Coming into the season right handed pitcher Raisel Iglesias was rather unknown. The Cincinnati Reds signed him to a 7-year deal worth $27M in June of 2014, but he didn’t pitch after signing until the Arizona Fall League where he just got his feet wet with seven innings of relief appearances.
The Reds signed him with the idea that he could start, though most teams thought he was a reliever. His first three starts of the season combined for just 14.1 innings pitched as he had a limited pitch count, throwing under 80 pitches in each start.
In his fourth start of the year he finally had the reins let go a little bit and he threw 95 pitches in a 7.0 innings outing for the Louisville Bats. He only threw 75 pitches in his next outing, again being limited in his usage. The next start came in the big leagues and he was stretched out, throwing 103 pitches in 8.0 innings against the Braves, but his next three outings combined for just six innings with two of them coming out of the bullpen.
The last appearance of May was a start against the Nationals. He would throw 105 pitches in 5.2 innings. He would hit the disabled list with a strained oblique and miss an entire month before going on rehab. He’d make two starts with Louisville, tossing 7.2 total innings before rejoining the Reds on July 11th.
His first start back didn’t go well as the Marlins scored five runs in 4.1 innings against him on just 77 pitches. After that he’s turned things around and has seen both his usage and results improve.
He’s made six starts since then and only one of them failed to reach at least 6.0 innings, going 5.2 against the Chicago Cubs. He’s throw 90+ pitches in all six games as he’s been stretched out. In that span he’s thrown 37.1 innings and posted a 2.89 ERA. He’s walked just nine batters and four of those game in one start. Iglesias has countered that with 37 strikeouts.
Iglesias didn’t pitch for basically two full seasons, last throwing in Cuba during the 2012 season and waiting until October of 2014 before throwing again in a competitive environment. He had never really started in the past, and with so much off time it has taken him time to build up the stamina.
The results have been very strong of late. Early in the season he seemed to wear down once he hit that 70-75 pitch mark, but lately we have seen him push past that point and maintain his stuff. The stamina seems to have caught up with the stuff and we are now seeing the guy take the mound that the Cincinnati Reds envisioned when they originally signed him.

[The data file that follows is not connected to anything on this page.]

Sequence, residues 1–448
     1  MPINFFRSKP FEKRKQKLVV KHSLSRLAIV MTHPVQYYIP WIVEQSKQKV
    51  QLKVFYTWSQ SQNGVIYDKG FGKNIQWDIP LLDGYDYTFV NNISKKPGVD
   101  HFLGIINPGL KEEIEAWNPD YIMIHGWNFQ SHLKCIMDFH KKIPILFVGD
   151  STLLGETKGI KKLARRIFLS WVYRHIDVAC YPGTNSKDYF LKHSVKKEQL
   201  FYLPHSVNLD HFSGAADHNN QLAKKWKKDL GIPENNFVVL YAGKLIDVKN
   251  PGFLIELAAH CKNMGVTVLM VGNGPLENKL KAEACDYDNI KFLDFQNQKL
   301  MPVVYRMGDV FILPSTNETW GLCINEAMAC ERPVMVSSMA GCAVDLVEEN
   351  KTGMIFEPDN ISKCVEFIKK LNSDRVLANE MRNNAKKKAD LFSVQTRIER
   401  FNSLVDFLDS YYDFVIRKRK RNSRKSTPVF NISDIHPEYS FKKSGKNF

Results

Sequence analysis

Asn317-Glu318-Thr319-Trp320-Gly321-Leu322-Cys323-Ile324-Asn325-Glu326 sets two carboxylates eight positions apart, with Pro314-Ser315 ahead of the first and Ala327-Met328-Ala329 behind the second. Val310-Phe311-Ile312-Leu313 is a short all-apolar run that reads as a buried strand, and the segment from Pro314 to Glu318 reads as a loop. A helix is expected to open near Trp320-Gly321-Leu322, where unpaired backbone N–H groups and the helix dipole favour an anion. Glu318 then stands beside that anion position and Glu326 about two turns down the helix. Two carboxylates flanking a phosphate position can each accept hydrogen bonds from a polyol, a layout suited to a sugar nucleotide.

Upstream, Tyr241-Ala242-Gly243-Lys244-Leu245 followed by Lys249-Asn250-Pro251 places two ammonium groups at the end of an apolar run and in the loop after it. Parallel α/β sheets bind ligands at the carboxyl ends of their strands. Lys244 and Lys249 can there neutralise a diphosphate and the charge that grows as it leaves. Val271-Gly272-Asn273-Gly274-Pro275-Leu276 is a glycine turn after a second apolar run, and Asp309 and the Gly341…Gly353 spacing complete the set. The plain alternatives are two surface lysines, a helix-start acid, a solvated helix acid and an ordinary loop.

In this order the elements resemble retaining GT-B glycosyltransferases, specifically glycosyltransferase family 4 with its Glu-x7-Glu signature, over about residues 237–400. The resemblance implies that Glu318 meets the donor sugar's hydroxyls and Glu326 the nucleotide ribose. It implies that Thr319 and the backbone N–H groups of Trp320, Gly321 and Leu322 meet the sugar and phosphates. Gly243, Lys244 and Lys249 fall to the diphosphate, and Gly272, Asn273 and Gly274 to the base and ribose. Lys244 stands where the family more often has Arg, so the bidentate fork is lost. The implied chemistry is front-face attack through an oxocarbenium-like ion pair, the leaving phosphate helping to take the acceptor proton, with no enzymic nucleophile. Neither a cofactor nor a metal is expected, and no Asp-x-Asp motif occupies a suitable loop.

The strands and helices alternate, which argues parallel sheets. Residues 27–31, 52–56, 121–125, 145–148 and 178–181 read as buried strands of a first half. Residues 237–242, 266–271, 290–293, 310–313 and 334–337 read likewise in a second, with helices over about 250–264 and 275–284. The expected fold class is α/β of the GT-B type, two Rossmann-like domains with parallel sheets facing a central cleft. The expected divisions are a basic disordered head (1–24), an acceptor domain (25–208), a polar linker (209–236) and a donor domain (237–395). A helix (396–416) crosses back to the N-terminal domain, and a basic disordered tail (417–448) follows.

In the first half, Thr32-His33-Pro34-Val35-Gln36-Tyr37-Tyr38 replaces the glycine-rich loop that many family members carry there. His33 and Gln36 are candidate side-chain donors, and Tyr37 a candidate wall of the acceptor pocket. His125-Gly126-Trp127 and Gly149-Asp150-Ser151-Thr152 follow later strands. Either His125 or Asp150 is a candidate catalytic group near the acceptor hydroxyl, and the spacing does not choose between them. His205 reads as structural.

He’s throwing a four-seam fastball, a two-seam fastball, a change up and a slider. And he throws all of them from different arm slots, giving hitters a whole bunch of different looks on top of just four pitches.
Of his four pitches, three of them are currently rating out as above-average. Here is how each pitch ranks among pitchers with at least 60 innings pitched this season according to the Fangraphs Pitch F/X leaderboard
|Value per 100||Rank (total pitchers)|
|Change Up||1.88||14 (145)|
Looking at the chart above, we can essentially say that Raisel Iglesias is showing off a plus four-seam fastball and a plus change up, at least in terms of the results that each pitch is generating. His two-seam fastball is slightly above-average as well. The slider hasn’t been nearly as successful as the other three offerings, ranking 82nd out of 110 qualified pitchers that throw a slider.
Two plus pitches, an above-average pitch and a below-average pitch mixed in with a guy who has thrown strikes and missed bats? That sounds like a guy that you can stick near the top of your rotation. While there is still some question as to whether he can hold up to a full season, he’s only thrown 95.1 innings this season between the Majors and Minors, he’s showing everything that you want to see out of high upside arm in his first professional season and he’s gotten better as the year has progressed.